Decomposition of effects of parental social class on sons’ social class


    Monte carlo matrix exercise l.jpg

    Monte Carlo matrix exercise

    Use structural equation model to produce mobility matrices

    Each iteration generates a random matrix (with random entries)

    From each matrix several measures of mobility can be extracted


    Slide45 l.jpg

    Probability of staying in LOWEST class


    Slide46 l.jpg

    Probability of staying in HIGHEST class


    Task 2 contribution of early health on adult health status social class gradients l.jpg

    Task 2: contribution of early health on adult health status social class gradients


    Slide48 l.jpg

    Figure 1: Simplified path diagram representing the relations

    between early child health conditions and adult social class

    ρ2

    $

    *

    1

    1

    PARENTAL SOCIOECONOMIC

    COGNITIVE

    EDUCATIONAL

    BACKGROUND

    SKILLS

    ATTAINMENT

    (

    *

    "

    *

    ρ0

    1

    2

    3

    1

    ,

    1

    (3

    EARLY HEALTH

    SOCIAL CLASS

    (at age 33)

    *

    4

    "

    2

    (

    ,

    2

    2

    *

    5

    PARENTAL HEALTH

    SOFT SKILLS

    SOCIAL CLASS

    (at age 41-42)

    $

    2

    *

    6

    ρ1


    Representation of relations bcs5849 l.jpg

    Representation of relations: BCS58

    Cognitive

    skills

    age 11

    Educational

    attainment

    age 16

    SR Health

    30

    Parental social class

    SR Health

    40

    Chronic

    conditions

    age 7

    Chronic

    conditions

    age 16

    Low birth

    weight

    Social class

    age 40

    Non-

    cognitive

    skills

    age 11

    Parental health

    Social class

    age 30


    Representation of relations bcs5850 l.jpg

    Representation of relations: BCS58

    Social Class 30

    SR Health

    30

    Educational

    attainment

    Cognition

    Early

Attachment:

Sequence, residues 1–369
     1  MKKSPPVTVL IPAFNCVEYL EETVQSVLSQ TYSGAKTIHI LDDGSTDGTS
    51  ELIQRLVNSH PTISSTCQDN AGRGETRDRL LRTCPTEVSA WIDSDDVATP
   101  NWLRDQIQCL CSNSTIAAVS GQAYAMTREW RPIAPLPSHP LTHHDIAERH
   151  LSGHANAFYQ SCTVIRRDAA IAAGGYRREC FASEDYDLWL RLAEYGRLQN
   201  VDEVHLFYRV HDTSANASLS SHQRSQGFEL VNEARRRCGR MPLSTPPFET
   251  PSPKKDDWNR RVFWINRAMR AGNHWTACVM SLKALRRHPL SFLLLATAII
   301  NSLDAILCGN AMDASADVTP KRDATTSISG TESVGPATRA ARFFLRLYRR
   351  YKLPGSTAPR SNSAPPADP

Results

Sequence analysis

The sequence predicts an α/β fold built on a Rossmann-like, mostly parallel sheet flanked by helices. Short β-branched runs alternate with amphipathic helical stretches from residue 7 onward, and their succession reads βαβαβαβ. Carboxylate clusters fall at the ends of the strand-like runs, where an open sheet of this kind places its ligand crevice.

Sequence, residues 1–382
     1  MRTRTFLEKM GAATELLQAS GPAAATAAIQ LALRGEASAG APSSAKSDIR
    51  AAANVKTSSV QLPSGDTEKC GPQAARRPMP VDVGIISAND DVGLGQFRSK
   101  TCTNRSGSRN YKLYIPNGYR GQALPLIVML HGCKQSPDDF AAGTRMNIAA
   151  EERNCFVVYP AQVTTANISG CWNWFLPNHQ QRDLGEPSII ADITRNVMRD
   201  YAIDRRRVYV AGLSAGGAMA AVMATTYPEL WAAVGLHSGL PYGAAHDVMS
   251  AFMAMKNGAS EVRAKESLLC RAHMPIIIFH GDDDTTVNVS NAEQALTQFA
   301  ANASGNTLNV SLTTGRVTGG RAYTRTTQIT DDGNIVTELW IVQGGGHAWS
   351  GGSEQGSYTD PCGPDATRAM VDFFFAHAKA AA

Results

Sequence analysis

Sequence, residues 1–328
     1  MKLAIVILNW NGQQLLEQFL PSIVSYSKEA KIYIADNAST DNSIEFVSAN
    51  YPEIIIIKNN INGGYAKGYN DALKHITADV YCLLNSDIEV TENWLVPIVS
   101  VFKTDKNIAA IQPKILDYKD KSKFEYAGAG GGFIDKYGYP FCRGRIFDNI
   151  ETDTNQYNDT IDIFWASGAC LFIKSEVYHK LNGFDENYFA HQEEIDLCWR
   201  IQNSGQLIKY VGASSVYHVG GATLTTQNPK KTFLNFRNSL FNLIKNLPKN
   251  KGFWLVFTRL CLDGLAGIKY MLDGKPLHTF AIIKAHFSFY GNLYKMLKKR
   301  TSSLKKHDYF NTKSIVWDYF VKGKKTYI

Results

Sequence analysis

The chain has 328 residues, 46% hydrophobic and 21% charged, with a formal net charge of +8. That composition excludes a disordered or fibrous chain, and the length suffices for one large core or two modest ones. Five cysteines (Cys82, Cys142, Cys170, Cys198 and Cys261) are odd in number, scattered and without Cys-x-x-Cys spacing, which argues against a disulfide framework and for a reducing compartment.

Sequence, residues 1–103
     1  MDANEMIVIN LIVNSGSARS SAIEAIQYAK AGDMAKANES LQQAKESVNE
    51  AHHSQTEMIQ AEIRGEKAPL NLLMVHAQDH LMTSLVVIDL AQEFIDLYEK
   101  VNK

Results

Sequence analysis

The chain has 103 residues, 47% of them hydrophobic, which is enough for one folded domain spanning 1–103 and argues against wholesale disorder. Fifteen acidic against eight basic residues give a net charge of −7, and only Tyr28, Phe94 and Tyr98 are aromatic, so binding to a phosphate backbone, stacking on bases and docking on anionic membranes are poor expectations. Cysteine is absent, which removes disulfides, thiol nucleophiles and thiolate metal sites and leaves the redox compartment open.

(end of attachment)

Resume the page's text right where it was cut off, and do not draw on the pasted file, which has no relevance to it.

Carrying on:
Health

    SR Health

    40

    Social Class 40


    Representation of relations bcs5851 l.jpg

    Representation of relations: BCS58

    Social Class 30

    SR Health

    30

    Educational

    attainment

    Cognition

    Early

    Health

    SR Health

    40

    Social Class 40


    Representation of relations bcs5852 l.jpg

    Representation of relations: BCS58

    Social Class 30

    SR Health

    30

    Educational

    attainment

    Cognition

    Early

    Health

    SR Health

    40

    Social Class 40


    Representation of relations bcs5853 l.jpg

    Representation of relations: BCS58

    Social Class 30

    SR Health

    30

    Educational

    attainment

    Cognition

    Early

    Health

    SR Health

    40

    Social Class 40


    Representation of relations bcs5854 l.jpg

    Representation of relations: BCS58

    Social Class 30

    SR Health

    30

    Educational

    attainment

    Cognition

    Early

    Health

    SR Health

    40

    Social Class 40


    Representation of relations bcs5855 l.jpg

    Representation of relations: BCS58

    Social Class 30

    SR Health

    30

    Educational

    attainment

    Cognition

    Early

    Health

    SR Health

    40

    Social Class 40


    Representation of relations bcs5856 l.jpg

    Representation of relations: BCS58

    Social Class 30

    SR Health

    30

    Educational

    attainment

    Cognition

    Early

    Health

    SR Health

    40

    Social Class 40


    Representation of relations bcs5857 l.jpg

    Representation of relations: BCS58

    Social Class 30

    SR Health

    30

    Educational

    attainment

    Cognition

    Early

    Health

    SR Health

    40

    Social Class 40


    Some estimates effects on log odds of being in poor health general model l.jpg

    Some estimates: effects on log odds of being in poor health: general model

    • SRH at age 40

      • Social Class at 40: -.109(.04)

      • Ed Attainment:-.155(.120)